He said that attending an Ivy League school would have been a tremendous financial burden on his family. Instead, he went to Miami of Ohio."
Miami of Ohio is now well-known as a highly selective school, but "back then they had an open admission policy."
Running on the fast track
Nonetheless, the college recognized ability, and Congeni was encouraged to apply to medical school while in his junior year.
And he fast-tracked medical school at Ohio State as well, finishing in three years instead of four. It was during his second year at medical school that he decided to concentrate in a medical specialty rather than surgical.
"Then my first day on the pediatric wards, I knew I wanted to be a doctor to kids." Helping that decision was the fact that at the time "pediatrics was probably the strongest and most dynamic division at Ohio State."
After graduating from medical school at 23, he headed to the University of Michigan for a residency. But before he said goodbye to Columbus, he said "I do" to his wife Ann, who had trained to be a high school teacher.
During residency training he became intrigued by the study of pediatric infectious diseases, specifically meningitis, a serious infection that spreads quickly and can lead to permanent disability or death. He applied to a fellowship program at Metropolitan General Hospital in Cleveland, now known as Metro General. It is one of the teaching hospitals of Case Western Reserve University School of Medicine and is one of a handful of hospitals that offer advanced training in pediatric infectious diseases.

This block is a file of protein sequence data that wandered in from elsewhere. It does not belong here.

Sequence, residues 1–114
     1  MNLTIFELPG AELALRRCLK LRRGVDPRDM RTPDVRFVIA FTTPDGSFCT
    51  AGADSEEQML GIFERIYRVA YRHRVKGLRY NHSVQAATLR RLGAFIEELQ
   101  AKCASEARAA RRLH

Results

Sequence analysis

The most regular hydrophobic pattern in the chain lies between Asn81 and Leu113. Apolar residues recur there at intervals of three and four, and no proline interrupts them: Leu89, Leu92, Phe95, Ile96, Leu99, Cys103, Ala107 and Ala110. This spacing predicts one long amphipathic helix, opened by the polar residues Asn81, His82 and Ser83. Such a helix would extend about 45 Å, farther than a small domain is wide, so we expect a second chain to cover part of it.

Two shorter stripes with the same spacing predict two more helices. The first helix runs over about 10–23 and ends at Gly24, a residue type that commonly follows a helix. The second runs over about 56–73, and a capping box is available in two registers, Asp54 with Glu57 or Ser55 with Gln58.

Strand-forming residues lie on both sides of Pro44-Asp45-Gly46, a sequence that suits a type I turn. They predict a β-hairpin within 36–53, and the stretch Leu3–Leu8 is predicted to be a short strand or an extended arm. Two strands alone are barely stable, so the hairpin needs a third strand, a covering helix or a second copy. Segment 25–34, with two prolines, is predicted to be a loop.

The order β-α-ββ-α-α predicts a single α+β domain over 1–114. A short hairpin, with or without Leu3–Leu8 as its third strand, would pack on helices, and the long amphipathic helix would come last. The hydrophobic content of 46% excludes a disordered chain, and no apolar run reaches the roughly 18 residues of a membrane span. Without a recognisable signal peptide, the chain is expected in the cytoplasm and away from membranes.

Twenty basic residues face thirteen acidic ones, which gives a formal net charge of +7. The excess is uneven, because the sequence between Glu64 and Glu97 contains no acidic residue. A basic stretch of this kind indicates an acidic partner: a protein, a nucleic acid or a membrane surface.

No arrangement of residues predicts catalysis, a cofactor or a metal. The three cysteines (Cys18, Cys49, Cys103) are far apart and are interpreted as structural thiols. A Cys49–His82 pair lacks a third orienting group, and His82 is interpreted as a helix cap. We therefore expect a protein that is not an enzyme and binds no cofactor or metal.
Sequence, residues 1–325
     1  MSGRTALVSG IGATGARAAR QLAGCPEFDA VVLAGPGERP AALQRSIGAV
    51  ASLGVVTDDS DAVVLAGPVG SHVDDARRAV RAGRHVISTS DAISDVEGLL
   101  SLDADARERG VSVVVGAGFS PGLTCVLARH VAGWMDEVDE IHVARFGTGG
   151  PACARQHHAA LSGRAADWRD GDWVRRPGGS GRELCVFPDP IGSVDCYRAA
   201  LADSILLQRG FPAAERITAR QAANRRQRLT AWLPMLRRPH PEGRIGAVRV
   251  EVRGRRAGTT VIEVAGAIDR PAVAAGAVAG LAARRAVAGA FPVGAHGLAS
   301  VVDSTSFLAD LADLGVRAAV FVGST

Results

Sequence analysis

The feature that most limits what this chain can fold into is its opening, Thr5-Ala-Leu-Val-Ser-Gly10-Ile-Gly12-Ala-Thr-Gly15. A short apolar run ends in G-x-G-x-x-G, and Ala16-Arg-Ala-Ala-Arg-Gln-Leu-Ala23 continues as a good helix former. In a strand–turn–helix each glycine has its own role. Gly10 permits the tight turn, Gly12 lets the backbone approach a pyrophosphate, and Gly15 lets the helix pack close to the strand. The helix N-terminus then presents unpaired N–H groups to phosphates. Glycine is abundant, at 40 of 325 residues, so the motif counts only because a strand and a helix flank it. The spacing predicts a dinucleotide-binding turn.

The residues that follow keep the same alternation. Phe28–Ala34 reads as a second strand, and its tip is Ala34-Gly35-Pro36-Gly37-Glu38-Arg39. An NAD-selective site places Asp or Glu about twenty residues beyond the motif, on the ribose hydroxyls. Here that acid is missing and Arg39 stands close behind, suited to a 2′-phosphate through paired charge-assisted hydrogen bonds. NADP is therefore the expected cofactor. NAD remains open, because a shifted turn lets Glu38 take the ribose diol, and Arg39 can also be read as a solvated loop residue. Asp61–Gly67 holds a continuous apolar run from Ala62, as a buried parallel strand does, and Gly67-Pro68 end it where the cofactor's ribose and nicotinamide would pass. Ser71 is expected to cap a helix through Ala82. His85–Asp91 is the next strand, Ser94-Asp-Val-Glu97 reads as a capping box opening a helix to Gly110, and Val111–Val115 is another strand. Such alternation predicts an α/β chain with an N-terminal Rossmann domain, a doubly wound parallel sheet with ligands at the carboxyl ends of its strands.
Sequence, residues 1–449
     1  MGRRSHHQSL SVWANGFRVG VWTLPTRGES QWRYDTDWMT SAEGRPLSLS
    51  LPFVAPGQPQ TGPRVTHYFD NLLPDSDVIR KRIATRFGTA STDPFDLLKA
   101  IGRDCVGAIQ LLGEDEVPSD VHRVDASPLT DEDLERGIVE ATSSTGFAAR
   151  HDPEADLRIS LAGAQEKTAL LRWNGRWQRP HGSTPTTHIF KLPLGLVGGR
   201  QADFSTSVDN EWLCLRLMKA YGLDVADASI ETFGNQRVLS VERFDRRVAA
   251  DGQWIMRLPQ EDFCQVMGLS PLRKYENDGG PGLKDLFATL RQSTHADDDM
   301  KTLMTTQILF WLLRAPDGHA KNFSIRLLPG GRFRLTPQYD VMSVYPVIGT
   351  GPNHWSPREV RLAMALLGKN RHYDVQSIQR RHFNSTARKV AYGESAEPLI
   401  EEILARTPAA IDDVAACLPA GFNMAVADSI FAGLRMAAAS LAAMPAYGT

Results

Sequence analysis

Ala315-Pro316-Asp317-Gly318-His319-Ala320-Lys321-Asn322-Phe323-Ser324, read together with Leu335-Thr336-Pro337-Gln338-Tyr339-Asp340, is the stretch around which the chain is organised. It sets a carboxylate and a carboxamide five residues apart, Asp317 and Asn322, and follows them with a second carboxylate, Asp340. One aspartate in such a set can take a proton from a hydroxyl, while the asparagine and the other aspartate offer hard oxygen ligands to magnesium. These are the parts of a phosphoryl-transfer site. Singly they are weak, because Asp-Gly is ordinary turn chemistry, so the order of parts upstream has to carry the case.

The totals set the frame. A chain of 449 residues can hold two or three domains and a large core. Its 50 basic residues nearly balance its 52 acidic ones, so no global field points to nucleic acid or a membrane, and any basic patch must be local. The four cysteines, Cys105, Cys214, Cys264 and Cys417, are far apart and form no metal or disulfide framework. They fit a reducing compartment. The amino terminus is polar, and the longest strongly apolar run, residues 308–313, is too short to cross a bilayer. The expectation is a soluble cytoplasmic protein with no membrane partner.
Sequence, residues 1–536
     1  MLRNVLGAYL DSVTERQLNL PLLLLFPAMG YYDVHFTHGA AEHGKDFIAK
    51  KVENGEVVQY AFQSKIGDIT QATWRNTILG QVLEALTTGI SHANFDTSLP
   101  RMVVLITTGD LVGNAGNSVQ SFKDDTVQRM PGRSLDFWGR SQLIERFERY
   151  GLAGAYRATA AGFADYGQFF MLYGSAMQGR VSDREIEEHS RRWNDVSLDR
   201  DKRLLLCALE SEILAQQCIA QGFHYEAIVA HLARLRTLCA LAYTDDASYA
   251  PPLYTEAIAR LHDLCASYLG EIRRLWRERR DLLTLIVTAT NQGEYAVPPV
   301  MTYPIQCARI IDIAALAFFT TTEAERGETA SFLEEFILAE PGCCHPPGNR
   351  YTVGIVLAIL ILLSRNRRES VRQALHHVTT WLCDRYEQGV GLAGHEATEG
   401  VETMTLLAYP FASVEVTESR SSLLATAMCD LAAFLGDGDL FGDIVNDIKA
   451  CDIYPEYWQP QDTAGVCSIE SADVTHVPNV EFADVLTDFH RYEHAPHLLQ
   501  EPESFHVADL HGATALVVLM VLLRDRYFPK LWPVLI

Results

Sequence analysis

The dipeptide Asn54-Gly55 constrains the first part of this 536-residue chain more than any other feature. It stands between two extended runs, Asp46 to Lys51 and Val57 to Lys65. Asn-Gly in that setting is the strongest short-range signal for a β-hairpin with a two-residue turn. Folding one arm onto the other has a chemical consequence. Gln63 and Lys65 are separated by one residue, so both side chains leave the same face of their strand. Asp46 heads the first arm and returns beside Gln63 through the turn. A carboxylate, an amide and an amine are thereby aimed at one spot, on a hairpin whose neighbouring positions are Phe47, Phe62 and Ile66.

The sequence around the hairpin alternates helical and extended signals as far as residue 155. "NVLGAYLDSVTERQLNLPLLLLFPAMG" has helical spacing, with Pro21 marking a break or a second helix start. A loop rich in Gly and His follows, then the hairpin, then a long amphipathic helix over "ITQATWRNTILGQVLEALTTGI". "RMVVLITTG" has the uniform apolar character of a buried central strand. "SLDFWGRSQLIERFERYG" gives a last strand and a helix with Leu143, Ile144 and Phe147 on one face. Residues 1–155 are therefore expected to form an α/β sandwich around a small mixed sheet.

Time to work
A job offer came from Akron Children's Hospital, which is affiliated with Northeastern Ohio Universities College of Medicine, or NEOUCOM, a medical school located in Rootstown, Ohio. There he remains, unlike the peripatetic Dr. Zhivago.
Asked about parental concerns that vaccines may cause side effects, including unproven concerns that some vaccines may be linked to autism, Congeni said he is sympathetic to parental concerns.
"I have cared for children with autism, and I am eager to find a cause, but vaccines are not the cause," he said. "As vaccines make us safe, people forget about these diseases -- measles, rubella, pertussis, polio, meningitis -- but I've seen all these diseases. They are terrible. When we hear about an outbreak of one of these 'forgotten' diseases the result is usually panic and people forget concerns."
So while Congeni is an advocate of vaccine safety, he is primarily a champion of universal immunization.
In his spare time he is likely to be found shooting hoops with family, including his brother Joe, a physician who specializes in sports medicine and who also practices at Akron Children's Hospital, and his three children, Christopher, 27, John, 24 -- a medical student at NEOUCOM -- and Jessica, 21.
Looking back at the career choice he made in a darkened movie theater, Congeni has no regrets.
"I am one of the most blessed persons on Earth," he said. "I love what I'm doing, and every day is a new challenge."